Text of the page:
ST. LOUIS — This is not the work of Emily Dickinson.
Dozens of grade school students tested the boundaries of poetry on a high school stage Tuesday.
They rhymed about what rhythm means to them and stopped halfway through their poem to perform a step routine.
This is slam poetry, where the cadence and performance mean just as much as the verse, where sound adds energy to words. The participants in the fifth annual America SCORES Poetry Slam, held Tuesday at Metro High School, had their own way of expressing themselves through verse.
Four St. Louis elementary schools Nance, Lexington, Walbridge and Patrick Henry participated in the poetry slam, which was the final event of the fall for the America SCORES program.
The program hosts after-school activities, including soccer, creative writing and opportunities for community service. In the process, volunteers work with elementary school students, serving as mentors, coaches and teachers.
"The kids feel very accomplished after they've written, tweaked, practiced and performed their pieces," he said. "It's fulfilling for me to think that each and every one of those students after the slam were thinking, 'Yeah, I did that.'"
The participants had been preparing for the slam for months. At Patrick Henry Elementary, Shamelia Reece coached the students as they met after school every day to work on their poems. For the group performances, students worked together to come up with creative routines, adding movement to their performances.
Before the performance, the students ran through their poems with America SCORES education director Kathleen Hudson. She reminded them, "Smile! This is fun!"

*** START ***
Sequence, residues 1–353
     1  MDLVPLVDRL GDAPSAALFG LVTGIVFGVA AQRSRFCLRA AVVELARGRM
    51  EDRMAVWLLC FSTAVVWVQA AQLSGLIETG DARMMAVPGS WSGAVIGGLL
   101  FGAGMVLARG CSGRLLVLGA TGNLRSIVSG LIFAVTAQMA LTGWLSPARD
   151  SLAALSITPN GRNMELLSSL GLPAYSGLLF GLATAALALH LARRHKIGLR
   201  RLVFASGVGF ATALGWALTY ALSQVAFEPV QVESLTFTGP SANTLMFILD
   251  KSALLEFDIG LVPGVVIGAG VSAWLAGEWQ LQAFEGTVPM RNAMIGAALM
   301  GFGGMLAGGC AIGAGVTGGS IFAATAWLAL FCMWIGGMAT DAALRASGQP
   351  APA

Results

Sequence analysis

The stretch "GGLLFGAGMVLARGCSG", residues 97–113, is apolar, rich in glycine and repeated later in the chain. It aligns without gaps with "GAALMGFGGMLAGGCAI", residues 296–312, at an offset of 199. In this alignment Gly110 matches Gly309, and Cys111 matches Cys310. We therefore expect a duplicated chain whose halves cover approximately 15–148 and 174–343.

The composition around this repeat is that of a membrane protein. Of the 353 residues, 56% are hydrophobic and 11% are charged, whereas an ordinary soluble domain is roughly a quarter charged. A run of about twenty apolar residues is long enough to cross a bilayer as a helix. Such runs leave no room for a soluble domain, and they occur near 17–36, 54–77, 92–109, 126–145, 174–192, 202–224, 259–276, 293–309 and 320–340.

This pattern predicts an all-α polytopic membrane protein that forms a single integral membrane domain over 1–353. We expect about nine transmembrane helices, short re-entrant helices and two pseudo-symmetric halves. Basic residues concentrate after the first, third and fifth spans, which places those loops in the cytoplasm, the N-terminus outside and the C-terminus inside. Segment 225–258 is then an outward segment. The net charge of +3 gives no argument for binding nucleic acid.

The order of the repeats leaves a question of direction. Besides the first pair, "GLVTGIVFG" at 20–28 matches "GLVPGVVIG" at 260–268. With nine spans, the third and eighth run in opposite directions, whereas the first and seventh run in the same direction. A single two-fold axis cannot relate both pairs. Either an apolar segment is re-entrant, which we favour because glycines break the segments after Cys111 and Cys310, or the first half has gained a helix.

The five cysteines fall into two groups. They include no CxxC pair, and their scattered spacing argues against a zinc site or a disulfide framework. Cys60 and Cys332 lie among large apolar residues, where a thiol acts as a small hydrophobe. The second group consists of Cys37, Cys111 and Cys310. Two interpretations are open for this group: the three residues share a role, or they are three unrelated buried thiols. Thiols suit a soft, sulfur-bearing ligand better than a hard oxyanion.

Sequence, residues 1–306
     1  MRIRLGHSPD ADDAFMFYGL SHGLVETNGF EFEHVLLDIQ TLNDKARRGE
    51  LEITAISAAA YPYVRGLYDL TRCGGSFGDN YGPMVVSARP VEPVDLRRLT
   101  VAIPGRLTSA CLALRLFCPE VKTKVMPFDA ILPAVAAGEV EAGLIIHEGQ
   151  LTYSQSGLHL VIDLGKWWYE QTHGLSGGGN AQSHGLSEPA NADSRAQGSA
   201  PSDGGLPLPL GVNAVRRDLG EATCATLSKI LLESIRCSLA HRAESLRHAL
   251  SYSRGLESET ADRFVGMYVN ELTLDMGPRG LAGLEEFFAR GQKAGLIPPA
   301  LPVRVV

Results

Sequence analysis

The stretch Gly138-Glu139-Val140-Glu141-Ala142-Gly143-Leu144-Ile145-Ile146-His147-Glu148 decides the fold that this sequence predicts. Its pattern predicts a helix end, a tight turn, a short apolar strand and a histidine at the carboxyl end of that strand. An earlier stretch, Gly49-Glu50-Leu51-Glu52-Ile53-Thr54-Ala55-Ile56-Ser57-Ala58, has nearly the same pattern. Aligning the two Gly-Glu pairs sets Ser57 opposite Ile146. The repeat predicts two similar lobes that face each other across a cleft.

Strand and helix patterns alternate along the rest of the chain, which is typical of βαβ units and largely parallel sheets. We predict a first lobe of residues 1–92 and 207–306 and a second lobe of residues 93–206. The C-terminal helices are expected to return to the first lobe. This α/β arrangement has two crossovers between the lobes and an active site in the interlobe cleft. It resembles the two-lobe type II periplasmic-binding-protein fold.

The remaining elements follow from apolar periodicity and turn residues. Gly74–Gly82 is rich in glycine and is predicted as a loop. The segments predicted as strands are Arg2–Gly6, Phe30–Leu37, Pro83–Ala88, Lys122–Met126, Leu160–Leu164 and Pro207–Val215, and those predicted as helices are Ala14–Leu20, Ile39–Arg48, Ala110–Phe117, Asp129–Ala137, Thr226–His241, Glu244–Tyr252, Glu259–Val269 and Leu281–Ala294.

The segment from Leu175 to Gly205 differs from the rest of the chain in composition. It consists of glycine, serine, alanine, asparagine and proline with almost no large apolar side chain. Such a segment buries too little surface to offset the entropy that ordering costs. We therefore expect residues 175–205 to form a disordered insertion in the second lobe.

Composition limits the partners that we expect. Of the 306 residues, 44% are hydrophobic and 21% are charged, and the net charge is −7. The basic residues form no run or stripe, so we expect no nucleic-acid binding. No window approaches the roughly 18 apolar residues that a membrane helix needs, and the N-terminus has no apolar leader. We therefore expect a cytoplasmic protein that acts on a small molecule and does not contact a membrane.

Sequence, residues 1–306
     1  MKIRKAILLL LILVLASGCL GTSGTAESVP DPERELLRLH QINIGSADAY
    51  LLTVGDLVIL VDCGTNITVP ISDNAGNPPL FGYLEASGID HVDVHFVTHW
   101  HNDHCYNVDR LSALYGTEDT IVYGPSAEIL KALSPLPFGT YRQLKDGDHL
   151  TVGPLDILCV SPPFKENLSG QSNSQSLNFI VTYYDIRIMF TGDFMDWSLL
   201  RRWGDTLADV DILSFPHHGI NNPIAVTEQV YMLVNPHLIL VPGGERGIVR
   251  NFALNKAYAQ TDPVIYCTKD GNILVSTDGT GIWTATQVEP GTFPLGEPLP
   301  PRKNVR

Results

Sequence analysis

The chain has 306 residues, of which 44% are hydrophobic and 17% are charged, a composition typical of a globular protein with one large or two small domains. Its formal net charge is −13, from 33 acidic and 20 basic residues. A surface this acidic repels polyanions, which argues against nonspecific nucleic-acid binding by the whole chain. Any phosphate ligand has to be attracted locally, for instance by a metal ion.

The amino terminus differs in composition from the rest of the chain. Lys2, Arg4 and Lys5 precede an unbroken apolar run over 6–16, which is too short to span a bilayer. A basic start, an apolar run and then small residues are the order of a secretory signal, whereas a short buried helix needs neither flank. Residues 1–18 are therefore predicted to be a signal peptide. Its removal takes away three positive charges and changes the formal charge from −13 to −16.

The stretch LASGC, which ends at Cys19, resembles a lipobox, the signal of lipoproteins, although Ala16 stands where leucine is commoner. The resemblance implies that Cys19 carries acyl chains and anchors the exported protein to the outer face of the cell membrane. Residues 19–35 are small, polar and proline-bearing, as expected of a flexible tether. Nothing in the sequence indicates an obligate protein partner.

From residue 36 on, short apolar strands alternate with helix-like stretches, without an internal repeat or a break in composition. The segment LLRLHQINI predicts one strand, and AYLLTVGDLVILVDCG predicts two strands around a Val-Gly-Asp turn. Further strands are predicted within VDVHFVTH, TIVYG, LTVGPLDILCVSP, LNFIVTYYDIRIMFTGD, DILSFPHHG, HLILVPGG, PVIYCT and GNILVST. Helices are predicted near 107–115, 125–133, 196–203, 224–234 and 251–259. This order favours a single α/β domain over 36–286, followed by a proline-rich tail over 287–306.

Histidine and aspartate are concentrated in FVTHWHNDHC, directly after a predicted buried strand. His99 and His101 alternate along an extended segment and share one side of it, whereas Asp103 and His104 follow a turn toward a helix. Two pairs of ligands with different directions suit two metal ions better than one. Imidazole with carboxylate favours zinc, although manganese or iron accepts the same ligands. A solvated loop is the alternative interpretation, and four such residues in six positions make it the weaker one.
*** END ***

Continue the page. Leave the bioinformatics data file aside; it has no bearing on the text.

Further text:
Each school wore matching T-shirts. The room was in a state of controlled chaos as teachers shepherded students from the stage to their seats.
Patrick Henry students Nghiea Grey and Armony Warren were first-time participants in the poetry slam. Armony, 10, said she had been writing poetry for a long time and was looking forward to performing.
"I like poetry because you can rhyme, but you don't have to," she said. "Poetry can be about anything soccer, school, anything."
As Nghiea prepared to hit the stage, he insisted he wasn't nervous.
"I'm not scared at all," he said. "When I was 5 or 6, we did plays in front of our parents. Now that I'm 9, I'm not scared anymore."
He sees poetry in his future.
"It's really great when you think about it," Nghiea said. "It's great and amazing at the same time."
Meanwhile, Armony said she'd like to write a book someday about poetry.
The students knew that they would be facing not only their friends and families as they performed, but also a panel of luminary judges, including a Shakespeare Festival director and a Grammy award-winning producer. Master of ceremonies Tracie McGhee kept the mood light: "Can everyone cheer? Can everyone snap? Can everyone clap?"
After every performance, she high-fived the participants. Students cheered on their friends, and parents clapped along with the rhythm of the poems.
Students performed poetry about school, learning, fruit and love.
"E.D.U.C.A.T.I.O.N." rapped the boys from Nance Elementary. Wearing backpacks and miming jump-shots, they rhymed, "I do what I do as I learn the rules, it's like dressing yourself and tying your shoes."
The judges gave awards in categories such as funniest poem and best poem about soccer.
Armony's poem, "Inspirational Community," won the individual award for most inspirational poem. Her parents, Brian and Shalonda, leapt to their feet and cheered.
"I'm so proud of my baby," her father said afterward, holding her certificate of achievement out for everyone in the lobby to see.